Latest in a series of posts on the Swifts
Peter Saenger, President, Lehigh Valley Audubon Society (2 mins.)
“Like many of our North American bird species, they’re under pressure . . . They’re in severe decline . . . Originally, they nested in hollow trees . . . and then we cut the forests down . . . and they adapted to nesting in chimneys . . . and now we’re capping them . . . and modern construction doesn’t have chimneys . . . So they’re habitat is going away . . . So every single spot is critical for them . . . especially migratory spots . . . for populations that still have nesting sites up in the north in the mature forests . . . I don’t know a lot about the Masonic Temple chimney . . . but during migratory seasons, spring and fall these birds gather in huge numbers . . . apparently this chimney houses 2000 birds at a time . . . and it’s critical that they have these roosting sites during migration . . . So these places are going away very quickly . . . So every one that we can replace or maintain is critical for their continued existence . . . These birds migrate from North America, Canada, all the way down to the Brazilian rain forest for the winter . . . and they come back . . . and they are very site-specific . . . so if they lose a tower, they have no place to go . . . and I would gather a good percentage would perish if they don’t have the same place to go back to . . . This is a worthy cause.”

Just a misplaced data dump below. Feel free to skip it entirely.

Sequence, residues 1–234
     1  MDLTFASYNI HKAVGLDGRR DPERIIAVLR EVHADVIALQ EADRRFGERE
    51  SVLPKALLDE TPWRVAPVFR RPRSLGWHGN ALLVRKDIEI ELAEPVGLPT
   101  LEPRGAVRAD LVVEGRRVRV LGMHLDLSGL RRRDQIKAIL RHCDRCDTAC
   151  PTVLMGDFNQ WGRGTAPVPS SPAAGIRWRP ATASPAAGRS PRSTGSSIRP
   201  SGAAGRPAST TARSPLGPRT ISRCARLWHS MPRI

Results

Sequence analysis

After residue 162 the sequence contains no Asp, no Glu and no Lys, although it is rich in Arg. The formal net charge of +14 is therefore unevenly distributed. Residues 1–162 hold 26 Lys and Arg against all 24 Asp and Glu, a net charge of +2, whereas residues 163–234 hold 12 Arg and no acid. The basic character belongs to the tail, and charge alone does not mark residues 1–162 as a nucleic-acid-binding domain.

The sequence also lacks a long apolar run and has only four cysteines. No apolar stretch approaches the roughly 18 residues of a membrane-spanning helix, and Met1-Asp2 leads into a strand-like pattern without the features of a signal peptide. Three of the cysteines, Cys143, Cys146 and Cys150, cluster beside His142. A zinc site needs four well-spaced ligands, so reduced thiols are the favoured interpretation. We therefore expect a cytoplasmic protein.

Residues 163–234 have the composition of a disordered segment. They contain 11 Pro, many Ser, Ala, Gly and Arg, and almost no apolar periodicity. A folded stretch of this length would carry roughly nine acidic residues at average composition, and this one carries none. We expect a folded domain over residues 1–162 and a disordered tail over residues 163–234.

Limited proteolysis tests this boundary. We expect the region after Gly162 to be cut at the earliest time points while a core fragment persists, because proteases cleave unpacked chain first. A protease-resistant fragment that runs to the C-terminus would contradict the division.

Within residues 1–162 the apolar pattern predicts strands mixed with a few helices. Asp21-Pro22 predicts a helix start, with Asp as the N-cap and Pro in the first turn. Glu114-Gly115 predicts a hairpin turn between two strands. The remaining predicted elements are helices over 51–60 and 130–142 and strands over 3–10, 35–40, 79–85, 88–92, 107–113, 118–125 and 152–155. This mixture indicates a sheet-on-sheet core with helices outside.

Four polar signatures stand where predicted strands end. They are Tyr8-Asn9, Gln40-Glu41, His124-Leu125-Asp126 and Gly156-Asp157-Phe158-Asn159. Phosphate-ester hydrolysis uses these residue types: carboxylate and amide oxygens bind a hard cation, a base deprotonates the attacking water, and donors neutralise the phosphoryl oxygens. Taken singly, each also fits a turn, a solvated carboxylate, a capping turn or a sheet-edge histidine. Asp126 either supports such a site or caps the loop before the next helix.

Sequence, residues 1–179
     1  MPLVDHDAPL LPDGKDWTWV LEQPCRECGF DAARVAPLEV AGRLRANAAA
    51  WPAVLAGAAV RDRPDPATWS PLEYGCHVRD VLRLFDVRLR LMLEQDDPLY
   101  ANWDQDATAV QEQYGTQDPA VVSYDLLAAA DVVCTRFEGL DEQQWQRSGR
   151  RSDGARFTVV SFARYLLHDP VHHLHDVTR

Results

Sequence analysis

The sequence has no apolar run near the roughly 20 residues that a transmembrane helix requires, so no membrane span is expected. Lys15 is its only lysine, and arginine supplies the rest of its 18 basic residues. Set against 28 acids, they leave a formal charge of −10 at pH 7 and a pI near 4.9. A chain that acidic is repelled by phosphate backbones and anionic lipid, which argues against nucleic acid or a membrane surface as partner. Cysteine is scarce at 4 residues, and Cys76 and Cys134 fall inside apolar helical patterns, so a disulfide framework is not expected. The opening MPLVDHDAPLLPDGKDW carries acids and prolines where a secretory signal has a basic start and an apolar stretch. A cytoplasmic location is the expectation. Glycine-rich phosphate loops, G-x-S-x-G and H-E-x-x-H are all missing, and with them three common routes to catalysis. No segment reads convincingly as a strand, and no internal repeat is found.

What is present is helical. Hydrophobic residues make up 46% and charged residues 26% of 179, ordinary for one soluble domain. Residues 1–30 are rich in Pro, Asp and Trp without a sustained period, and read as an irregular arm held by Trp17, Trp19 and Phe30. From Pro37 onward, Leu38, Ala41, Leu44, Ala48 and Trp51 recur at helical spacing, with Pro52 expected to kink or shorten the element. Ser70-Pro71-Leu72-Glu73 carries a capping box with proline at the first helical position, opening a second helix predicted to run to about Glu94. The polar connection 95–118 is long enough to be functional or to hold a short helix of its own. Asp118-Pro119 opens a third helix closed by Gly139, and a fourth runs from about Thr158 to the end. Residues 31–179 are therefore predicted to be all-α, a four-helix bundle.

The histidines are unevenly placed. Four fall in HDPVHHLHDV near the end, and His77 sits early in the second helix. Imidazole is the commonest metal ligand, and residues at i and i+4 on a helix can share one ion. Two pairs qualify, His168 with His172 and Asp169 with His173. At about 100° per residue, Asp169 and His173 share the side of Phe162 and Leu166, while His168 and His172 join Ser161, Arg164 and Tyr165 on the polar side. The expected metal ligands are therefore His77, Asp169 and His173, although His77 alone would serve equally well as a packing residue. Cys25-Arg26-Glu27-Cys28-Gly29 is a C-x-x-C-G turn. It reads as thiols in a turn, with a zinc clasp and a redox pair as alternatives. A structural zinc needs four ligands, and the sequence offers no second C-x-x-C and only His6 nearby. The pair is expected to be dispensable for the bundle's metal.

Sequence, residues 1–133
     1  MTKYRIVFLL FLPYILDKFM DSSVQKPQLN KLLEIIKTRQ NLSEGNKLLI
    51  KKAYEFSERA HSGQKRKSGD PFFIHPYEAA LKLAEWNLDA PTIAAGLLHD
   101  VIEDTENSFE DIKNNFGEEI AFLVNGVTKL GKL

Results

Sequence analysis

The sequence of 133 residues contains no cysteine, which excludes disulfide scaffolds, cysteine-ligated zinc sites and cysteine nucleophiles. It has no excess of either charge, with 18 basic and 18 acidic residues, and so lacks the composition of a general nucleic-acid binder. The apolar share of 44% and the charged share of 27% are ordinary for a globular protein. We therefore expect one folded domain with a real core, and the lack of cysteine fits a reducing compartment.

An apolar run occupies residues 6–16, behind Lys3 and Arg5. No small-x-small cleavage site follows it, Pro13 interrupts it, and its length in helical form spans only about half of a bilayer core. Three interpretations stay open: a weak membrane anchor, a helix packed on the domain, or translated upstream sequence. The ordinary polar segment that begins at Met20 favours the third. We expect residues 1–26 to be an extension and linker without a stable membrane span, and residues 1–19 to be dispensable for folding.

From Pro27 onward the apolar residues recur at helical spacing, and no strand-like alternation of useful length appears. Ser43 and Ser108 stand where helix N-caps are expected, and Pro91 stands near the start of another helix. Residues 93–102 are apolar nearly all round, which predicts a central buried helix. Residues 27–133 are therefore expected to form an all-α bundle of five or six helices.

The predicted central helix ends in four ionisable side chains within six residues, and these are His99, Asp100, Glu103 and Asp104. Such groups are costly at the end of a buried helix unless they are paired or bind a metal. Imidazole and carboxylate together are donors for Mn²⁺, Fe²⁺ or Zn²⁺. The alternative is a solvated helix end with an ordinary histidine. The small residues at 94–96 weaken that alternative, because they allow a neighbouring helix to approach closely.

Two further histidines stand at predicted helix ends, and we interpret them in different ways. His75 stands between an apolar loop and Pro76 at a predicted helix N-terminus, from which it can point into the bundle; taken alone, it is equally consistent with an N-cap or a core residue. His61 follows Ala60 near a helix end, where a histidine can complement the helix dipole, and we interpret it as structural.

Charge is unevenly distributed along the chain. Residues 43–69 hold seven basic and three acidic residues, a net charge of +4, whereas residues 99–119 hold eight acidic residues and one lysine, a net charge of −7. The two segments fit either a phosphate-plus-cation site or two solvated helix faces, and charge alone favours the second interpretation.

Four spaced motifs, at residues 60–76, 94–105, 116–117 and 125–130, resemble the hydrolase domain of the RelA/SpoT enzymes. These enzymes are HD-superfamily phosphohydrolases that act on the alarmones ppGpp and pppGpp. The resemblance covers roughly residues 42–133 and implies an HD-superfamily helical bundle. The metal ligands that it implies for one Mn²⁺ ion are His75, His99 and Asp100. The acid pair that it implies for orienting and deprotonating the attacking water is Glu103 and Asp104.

to be continued . . .
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